How does one change their name, or that of a child, in the State of New Jersey? Well, as set forth in the recently unpublished (not precedential) Appellate Division decision, Henao v. Tibbrine, there’s a law for that, which requires an applicant seeking a name change to file a verified Complaint in the Superior Court, with a sworn affidavit with certain required details. Interestingly, notice of the application must be published in a newspaper of “general circulation.”
When the hearing occurs, if the verified Complaint fulfills the statutorily specified requirements and there is no reasonable objection to the assumption of another name, than the name change will be permitted. The issue in Henao was whether the biological, non-custodial mother of two children could orally oppose the father’s name-change application at the hearing on the scheduled date. Notably, the law specific as to name changes does not require written opposition, which was the basis upon which the trial court relied in denying the mother’s oral opposition (rationalizing that the mother should have known to file an opposition in writing because she had previously been involved with motion practice before the court). However, court rules specific to the family part do require a written response 15 days prior to a scheduled hearing date.
The Appellate Division disagreed with the trial court, finding that there existed no evidence that the mother was informed of the need to oppose the application in writing. Interestingly, the Appellate Division in dicta expressed concern with allowing a name change application to proceed via a default judgment. Noting that a strong presumption exists that the name change is in the best interests of the children since the father was the custodial parent, the Appellate Division also noted that the presumption is rebuttable, especially where the child has used the non-custodial surname for a period of time, is comfortable with that name, is known by that name, and maintains contact with the non-custodial parent.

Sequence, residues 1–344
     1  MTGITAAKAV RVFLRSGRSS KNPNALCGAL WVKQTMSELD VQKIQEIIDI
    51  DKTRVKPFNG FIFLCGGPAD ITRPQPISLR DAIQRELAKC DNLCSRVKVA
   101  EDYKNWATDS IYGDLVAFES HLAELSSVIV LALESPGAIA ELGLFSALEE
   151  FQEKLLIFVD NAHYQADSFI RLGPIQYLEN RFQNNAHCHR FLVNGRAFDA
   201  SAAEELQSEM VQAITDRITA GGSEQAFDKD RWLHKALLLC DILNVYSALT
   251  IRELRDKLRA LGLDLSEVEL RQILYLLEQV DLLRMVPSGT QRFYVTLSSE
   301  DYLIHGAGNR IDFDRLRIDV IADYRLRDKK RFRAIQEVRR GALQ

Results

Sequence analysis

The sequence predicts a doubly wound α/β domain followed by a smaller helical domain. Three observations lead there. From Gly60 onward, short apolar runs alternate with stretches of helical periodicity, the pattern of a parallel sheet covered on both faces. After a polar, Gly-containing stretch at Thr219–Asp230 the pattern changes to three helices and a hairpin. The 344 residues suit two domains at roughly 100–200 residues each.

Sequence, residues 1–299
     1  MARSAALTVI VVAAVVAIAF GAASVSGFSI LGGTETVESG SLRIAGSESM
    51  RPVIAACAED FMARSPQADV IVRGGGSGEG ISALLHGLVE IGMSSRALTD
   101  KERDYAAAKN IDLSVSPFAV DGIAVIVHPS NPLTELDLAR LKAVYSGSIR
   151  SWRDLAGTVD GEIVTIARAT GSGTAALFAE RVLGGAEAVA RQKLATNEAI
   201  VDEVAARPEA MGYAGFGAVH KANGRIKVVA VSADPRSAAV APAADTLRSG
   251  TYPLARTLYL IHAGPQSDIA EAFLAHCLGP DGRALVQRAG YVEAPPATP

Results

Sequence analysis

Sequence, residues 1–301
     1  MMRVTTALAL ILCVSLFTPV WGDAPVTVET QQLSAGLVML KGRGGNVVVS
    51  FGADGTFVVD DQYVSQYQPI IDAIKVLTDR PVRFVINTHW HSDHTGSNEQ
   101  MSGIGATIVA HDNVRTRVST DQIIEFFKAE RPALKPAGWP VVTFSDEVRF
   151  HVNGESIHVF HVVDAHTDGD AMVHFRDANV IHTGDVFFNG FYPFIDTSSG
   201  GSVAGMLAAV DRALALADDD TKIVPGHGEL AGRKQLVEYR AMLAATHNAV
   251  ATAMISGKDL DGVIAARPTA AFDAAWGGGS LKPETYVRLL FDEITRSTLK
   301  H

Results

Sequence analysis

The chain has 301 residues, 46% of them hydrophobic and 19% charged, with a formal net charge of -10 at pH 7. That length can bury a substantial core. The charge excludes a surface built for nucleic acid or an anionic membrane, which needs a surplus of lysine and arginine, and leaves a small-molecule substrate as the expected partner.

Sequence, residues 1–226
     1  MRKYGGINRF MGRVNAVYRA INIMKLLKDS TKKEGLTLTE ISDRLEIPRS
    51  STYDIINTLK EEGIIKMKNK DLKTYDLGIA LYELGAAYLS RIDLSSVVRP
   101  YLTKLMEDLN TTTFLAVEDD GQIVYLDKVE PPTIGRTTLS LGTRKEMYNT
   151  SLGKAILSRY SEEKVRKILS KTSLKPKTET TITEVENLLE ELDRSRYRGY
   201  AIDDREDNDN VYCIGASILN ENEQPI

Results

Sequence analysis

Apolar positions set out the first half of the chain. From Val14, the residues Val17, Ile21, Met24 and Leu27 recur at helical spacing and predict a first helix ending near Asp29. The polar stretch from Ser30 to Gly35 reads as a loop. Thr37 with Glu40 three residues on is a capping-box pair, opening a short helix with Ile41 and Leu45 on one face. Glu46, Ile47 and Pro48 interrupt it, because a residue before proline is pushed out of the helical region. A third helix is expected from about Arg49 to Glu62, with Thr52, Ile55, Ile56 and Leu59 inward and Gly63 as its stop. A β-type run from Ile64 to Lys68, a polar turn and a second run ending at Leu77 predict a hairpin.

As a result, the matter was remanded to provide the mother with an opportunity to contest the name-change application, where it is incumbent upon her to establish that it is in the best interests of the children to keep her surname, or, interestingly, have a name that combines that of both parents (such as a hyphenated name).
While not the typical “family part” matter, this case was nonetheless interesting for its specific issue and the Appellate Division’s rationale and concern over the name-change proceedings.